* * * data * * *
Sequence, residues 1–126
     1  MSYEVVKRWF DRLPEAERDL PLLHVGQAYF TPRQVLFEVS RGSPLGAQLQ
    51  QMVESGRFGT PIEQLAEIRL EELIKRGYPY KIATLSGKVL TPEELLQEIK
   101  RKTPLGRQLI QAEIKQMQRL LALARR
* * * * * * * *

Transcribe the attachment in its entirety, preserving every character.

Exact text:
Sequence, residues 1–126
     1  MSYEVVKRWF DRLPEAERDL PLLHVGQAYF TPRQVLFEVS RGSPLGAQLQ
    51  QMVESGRFGT PIEQLAEIRL EELIKRGYPY KIATLSGKVL TPEELLQEIK
   101  RKTPLGRQLI QAEIKQMQRL LALARR